“And the Spirit told me to go with them, making no distinction” (Acts 11:12).

    • Leah I really like how you described Christian’s in your first sentence. “Many Christians have the simplistic understanding that the law was somehow an unwanted constricting confinement on the lives of Israel.” I definitely agree with you! I thunk many times we forget that that was how life was for the Jews, that’s what they knew to be the “norm” and the law. Almost the same way many of us who eat meat thing veagnism is strange and unordinary. In my family it’s not a meal without meat on the table. But what is normal for us now was never normal for the jews. I would imagine that although Peter had the vision of the meat on the blanket and having been given God’s permission to eat it, it took a lot for the Jews to eat it….or maybe they were super excited! Who knows!

  2. I think that it’s far too common for Christians today to view the dispensation of Law as the “dark ages” in history, but it’s a good reminder to see here that Jews didn’t see it that way. A lot of the time we have this mindset that Grace is good and Law is bad but both dispensations had a proper time and purpose and both accomplished what God intended them to. Romans 5:20 (NASB) says “The Law came in so that the transgression would increase; but where sin increased, grace abounded all the more”. The whole idea of the dispensation of grace wouldn’t even work if mankind didn’t know that they needed it. Christianity relies on the big picture, God’s master plan as a whole. The Jews were honored to uphold the Law of God and we are humbled to be under Grace.

  3. The fact that many of these Gentile converts were probably God-fearers helps explain why people seemed to be so upset about Paul’s preaching to pagans. If those converts had previously been trying to live lives that lined up closely with those of the Jews it would probably have been a big surprise to them that a pagan could get saved and be saved without following the rituals that many of the God-fearing gentiles had committed to following. I would agree that should the rest of acts not been written, we would see a much more Jewish church. The Jewish people, including Paul, did not see the law as a bad thing. Paul had to explain that the law had its purpose saying “But the Scripture imprisoned everything under sin, so that the promise by faith in Jesus Christ might be given to those who believe” (Galatians 3:22). However it became apparent over time that the gentiles were not bound to follow the law. In response to Peter deciding not to eat with Gentiles Paul said “But when I saw that their conduct was not in step with the truth of the gospel, I said to Cephas before them all, “If you, though a Jew, live like a Gentile and not like a Jew, how can you force the Gentiles to live like Jews?”” (Galatians 2:14). At the time, no one was being asked to conform to the Jewish way of living they came to it voluntarily and in the process were converted to Christianity. I agree that the boundary markers did not come into question until those not living as Jews got saved.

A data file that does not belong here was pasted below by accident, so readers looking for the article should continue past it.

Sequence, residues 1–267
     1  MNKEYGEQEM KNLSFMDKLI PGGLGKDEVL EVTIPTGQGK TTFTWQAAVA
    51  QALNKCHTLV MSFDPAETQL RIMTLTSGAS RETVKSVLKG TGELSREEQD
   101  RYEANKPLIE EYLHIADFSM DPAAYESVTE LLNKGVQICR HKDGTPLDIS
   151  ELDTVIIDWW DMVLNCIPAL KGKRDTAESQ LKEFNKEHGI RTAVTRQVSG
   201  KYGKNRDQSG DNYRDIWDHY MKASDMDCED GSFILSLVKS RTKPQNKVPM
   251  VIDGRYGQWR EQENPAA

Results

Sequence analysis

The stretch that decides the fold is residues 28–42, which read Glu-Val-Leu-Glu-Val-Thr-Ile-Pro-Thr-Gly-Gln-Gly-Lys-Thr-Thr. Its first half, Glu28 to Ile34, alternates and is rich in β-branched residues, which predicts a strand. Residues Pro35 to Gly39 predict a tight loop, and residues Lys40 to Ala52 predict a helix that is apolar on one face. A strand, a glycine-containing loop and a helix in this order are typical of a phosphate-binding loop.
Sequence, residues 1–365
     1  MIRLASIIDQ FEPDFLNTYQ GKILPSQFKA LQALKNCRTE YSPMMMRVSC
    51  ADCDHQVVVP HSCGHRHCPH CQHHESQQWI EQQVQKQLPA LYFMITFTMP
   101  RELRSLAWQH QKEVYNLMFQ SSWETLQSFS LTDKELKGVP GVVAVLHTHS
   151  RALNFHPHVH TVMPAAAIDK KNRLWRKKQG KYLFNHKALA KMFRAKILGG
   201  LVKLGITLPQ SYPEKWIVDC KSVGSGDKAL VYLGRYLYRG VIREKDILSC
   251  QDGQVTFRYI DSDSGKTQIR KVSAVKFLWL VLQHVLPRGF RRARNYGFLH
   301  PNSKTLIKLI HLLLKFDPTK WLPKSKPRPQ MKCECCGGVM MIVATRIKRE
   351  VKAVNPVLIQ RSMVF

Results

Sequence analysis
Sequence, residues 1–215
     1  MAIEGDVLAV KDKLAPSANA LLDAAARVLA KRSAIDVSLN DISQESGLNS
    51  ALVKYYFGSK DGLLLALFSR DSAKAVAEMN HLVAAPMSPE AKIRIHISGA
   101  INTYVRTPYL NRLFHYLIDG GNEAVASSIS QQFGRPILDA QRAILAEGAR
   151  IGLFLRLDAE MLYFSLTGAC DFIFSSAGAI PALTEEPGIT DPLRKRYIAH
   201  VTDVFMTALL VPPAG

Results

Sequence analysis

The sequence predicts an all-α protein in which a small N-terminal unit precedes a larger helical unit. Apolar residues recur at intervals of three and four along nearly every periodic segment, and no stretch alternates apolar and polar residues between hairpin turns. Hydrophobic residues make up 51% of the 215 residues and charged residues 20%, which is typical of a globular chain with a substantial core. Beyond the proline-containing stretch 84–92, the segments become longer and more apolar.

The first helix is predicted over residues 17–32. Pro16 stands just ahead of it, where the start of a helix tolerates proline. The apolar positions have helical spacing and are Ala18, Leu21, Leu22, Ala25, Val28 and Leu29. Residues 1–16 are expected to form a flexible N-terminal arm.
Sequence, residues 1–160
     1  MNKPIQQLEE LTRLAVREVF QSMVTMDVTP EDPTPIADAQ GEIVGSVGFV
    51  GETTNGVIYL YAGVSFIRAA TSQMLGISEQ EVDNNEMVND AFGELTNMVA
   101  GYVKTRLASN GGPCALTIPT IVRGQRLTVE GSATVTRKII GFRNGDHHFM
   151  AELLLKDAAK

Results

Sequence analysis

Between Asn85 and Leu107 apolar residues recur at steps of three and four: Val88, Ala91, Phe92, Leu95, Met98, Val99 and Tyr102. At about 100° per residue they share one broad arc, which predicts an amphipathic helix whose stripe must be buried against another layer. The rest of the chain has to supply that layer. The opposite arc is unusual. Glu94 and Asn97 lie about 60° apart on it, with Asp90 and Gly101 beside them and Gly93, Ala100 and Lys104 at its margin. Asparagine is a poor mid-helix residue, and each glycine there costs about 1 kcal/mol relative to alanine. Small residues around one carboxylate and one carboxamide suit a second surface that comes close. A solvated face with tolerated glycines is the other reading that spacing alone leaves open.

4. I really like what you said about how the Jewish people saw it as some sort of their right given o them by God to keep these laws that God has given them. even though it is something that did not particularly need to be done. it is like the example that you gave in class today about eating a cat, you just do it… it’s just gross. when I think of the GREAT American equal to this is the right to bear arms, it is like our right and duty as great American people to have guns, but what happens when all the world is at peace, and we don’t need to ever carry another gun, all of us Americans will freak out and say but why? we love to do it.

  5. This is a great example of the importance of studying and understanding the differences between our culture and the culture of those in these passages, particularly the Jews. I think that, because we have always had a large amount of ‘freedom’ compared to the Jews that whenever we read of restrictions, they endure we view it as a negative thing. We don’t see the meaning behind it or the significance of it and it is so countercultural we naturally assume it as a bad thing. It is interesting to read about how the Jews really felt about the Law at that time.